While herding cattle in 1985, Jany and other boys from his village witnessed the destruction of their homes by government-backed Islamic militias. They took off running, beginning a multiyear exodus that spanned East Africa and countries around the globe. Many of their parents were murdered and their sisters raped, enslaved and killed. (As a result, there are fewer Lost Girls.)

For years, tens of thousands of Lost Boys walked more than 1,000 miles across East Africa, thousands dying of starvation, disease, and militia and animal attacks. Jany and his group first went east to Ethiopia, where Jany was reunited with Simon, who had made it there with another group of Lost Boys. But when civil war flared up in 1990, they fled back to Sudan. They returned to nothing: Their family and village were gone. Eventually they trekked to Kenya, winding up in the Dadaab refugee camp. After a year in Dadaab, they were among the first few relocated to the United States.

America is like going to Heaven.

In the 2003 documentary film “Lost Boys of Sudan,” one Lost Boy expresses the shared perception, while in the Kakuma refugee camp, of what it will be like to leave for America: “This journey is like you are going to heaven.”

When Jany and Simon arrived in Arizona, Jany, then age 16, was sent to live with a foster family; Simon, 23, shared an apartment with two older boys. It was a pattern that continued from coast to coast as more of them came; the minors were resettled with families, while older Lost Boys were placed in dingy apartments, often cramped together, in rough city neighborhoods or on the outskirts of towns.

I can’t help mentioning here that we have many times advocated that, if we are going to be bringing refugees to the US,  the refugees must be sponsored by families or other groups (church groups, civic groups etc.) so that they have someone to look out for them, to help them assimilate, to be their personal friend.   I’m not saying this Phoenix incident could have been prevented, but the practice of placing refugees with impersonal agencies who in turn place refugees in lousy apartments in bad neighborhoods must take a toll on some mentally fragile immigrants.

In April 1997, Simon Deng snapped and went looking for his caseworkers at the Catholic resettlement agency he had been placed with originally.

In Phoenix, Jany attended school, made friends and joined the track team; Simon couldn’t keep a job. He told Jany that “people looked at him different and made comments.” By the spring of 1997, Simon had grown despondent. He wanted to bring his girlfriend from Dadaab to Arizona, but to no avail. He had no money or job prospects. According to Jany, Simon began to speak of suicide.

On Apr. 10, 1997, Simon bought a 9MM rifle and rode a city bus toward the Catholic Social Services office building in North Phoenix. He got off the bus, took the rifle out of its box and fired it in the parking lot of a Circle K convenience store before heading to the office. A police helicopter and officers responded as Simon entered Catholic Social Services at lunchtime. Once inside, Simon looked for his caseworkers and, according to the police report, began firing his gun in the air. No one was hurt. The police arrived at the building and Simon shot at Officer Terrence Kobza. Kobza returned fire and killed Simon with a bullet in the arm and another in the chest.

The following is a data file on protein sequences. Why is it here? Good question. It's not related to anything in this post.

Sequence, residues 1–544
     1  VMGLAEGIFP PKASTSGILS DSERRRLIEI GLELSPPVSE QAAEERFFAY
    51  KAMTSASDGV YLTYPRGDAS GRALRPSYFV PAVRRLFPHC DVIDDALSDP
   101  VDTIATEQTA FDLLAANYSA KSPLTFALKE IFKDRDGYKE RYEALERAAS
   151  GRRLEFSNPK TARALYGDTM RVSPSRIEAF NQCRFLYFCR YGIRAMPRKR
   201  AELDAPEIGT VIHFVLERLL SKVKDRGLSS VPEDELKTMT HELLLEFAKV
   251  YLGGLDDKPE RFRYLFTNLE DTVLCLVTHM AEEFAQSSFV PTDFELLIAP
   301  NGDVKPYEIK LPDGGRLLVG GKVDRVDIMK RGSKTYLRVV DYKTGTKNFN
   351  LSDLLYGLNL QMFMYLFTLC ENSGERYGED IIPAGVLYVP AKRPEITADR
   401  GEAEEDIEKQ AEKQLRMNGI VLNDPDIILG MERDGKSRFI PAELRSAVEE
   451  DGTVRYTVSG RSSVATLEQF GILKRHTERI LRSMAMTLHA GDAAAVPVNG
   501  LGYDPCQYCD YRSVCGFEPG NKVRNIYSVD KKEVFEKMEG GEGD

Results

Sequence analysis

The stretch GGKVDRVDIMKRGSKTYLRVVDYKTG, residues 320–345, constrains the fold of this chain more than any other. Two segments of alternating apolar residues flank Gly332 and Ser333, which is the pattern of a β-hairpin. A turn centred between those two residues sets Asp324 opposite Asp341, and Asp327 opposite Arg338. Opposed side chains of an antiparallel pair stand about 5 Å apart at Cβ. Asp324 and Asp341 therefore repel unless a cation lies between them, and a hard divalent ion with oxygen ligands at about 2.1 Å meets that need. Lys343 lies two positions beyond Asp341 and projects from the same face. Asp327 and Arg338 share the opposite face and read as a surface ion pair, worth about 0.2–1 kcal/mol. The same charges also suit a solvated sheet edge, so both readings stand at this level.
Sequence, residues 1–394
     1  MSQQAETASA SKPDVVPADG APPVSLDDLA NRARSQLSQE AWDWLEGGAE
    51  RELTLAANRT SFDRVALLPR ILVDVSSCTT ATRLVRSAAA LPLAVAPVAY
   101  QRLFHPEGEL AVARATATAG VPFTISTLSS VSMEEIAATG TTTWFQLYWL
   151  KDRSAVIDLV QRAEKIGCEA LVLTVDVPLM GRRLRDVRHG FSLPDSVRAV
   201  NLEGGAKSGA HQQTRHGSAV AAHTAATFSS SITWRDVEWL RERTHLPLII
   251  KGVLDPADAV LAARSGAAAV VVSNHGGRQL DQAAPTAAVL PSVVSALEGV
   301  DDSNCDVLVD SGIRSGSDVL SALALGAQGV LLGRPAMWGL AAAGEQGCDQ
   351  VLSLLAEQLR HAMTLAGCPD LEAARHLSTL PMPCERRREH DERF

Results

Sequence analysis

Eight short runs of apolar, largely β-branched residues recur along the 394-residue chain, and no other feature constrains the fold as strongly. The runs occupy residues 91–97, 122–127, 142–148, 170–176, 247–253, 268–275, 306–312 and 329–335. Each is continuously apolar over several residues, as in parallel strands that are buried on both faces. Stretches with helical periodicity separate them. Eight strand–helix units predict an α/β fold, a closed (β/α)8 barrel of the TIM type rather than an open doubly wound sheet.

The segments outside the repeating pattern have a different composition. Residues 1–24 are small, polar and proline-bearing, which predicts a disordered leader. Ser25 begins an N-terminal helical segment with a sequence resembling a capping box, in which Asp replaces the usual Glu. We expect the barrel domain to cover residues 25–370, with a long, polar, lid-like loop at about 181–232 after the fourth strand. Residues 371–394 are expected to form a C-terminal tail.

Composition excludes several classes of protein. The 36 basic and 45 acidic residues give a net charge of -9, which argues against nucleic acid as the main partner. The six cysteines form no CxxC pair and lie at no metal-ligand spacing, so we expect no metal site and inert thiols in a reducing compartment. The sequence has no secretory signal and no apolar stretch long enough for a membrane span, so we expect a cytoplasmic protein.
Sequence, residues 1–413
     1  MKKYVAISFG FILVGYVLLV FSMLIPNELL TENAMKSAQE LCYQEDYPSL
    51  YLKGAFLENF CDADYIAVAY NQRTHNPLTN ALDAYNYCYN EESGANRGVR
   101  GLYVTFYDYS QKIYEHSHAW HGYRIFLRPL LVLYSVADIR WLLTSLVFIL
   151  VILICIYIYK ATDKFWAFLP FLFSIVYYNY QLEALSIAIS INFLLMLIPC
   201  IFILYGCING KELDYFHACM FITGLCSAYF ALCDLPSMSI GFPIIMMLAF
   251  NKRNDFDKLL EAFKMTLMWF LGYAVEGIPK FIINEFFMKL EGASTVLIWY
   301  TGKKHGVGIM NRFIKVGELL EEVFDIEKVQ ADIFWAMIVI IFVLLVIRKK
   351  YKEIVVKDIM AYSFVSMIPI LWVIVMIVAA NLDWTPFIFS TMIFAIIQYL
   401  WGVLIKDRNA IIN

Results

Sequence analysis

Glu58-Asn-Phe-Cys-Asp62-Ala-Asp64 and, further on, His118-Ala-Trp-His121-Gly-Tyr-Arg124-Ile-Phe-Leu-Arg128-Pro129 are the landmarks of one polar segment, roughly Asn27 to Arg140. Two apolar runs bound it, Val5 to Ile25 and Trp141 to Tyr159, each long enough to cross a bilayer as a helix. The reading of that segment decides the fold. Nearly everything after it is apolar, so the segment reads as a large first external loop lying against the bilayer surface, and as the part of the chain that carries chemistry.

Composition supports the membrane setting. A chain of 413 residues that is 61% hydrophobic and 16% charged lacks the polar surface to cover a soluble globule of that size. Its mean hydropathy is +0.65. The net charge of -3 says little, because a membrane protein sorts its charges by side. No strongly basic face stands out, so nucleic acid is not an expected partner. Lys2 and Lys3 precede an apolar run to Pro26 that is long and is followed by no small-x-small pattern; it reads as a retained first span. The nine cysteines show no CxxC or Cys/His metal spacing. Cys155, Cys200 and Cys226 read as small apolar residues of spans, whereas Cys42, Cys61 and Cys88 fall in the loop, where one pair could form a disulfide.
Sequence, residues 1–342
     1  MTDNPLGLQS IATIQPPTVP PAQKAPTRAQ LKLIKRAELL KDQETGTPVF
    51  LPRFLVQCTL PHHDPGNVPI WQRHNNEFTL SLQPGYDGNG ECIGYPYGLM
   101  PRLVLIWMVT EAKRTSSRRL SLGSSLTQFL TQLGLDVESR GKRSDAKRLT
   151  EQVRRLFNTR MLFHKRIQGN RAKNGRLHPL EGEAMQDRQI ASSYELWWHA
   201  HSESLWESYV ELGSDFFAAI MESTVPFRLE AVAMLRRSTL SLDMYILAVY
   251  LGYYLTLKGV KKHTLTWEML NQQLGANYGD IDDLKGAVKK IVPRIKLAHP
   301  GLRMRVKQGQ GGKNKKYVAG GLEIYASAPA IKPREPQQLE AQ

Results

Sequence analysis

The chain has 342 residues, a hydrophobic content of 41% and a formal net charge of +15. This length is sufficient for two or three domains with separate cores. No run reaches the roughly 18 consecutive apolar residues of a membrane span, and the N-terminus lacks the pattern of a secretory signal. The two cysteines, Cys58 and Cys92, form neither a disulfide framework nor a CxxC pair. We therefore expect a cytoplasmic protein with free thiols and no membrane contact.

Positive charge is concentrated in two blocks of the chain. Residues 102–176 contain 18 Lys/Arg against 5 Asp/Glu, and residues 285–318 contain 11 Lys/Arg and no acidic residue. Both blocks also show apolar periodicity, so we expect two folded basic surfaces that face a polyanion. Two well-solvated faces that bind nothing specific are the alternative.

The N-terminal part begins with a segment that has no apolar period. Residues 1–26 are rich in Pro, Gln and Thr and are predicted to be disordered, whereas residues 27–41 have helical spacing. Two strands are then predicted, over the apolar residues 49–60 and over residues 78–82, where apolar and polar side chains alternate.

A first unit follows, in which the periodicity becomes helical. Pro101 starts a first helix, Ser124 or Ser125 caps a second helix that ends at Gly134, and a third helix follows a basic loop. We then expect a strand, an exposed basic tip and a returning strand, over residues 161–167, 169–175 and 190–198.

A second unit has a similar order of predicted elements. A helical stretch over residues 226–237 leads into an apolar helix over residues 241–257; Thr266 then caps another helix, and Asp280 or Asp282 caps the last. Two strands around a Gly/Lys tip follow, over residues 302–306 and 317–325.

Sooner or later we will find out what caused Voong (or whatever his name is) to attack the very agency that was set up to help him.   Were Simon Deng  and Jiverly Voong just mentally unstable and then somehow, for no reason, blamed the resettlement agency for the unhappy turn of their lives?  We may never know, but it’s worth considering.

Comment worth noting on a Minnesota Somali family

Commenter CL posted this comment on our Refugee Resettlement Fact sheet page and I thought it worth re-posting where more people would see it:

I understand the plight of refugees and have no problem with those that come here, and make a better life for themselves and for america. My problem is those that disrespect america and still want a hand out. As someone new to Minnesota, I had never met a Somali person (although I do have some really great muslim friends..which is not the issue). I bought a nice house only to find out the house next to me was rented by Somalis. They take no pride in where they live at all. THe place is always a mess. THey are loud and very disrespectful. Their teen kids are even worse. We have had to call the cops on them 3 times. They have done everything from ruin items on my property to stealing. One is headed to jail for a gang-related stabbing. They always have new cars in front of their house….and after about 6 months they are all banged up and then they just go get new ones….Many times their bills end up in my mailbox and I have to take them over, several times they have had court summons for drinking and drugs. I have finally decided to put my house on the market and try to move. I hope potential buyers wont be scared away by them…although I would. These are NOT the ppl I want in america. They are users…I am glad I am paying for their new cars and for all of their children to get a nice public education. what is sad is that I had no hard feeling toward them until I actually met them. Ugh.

Maybe all Somalis are like that, maybe they’re not. Note that CL is simply reporting on the Somalis who live next door to him. But you can bet that he will be called a racist, an Islamophobe and a refugee-hater for reporting what he has personally observed.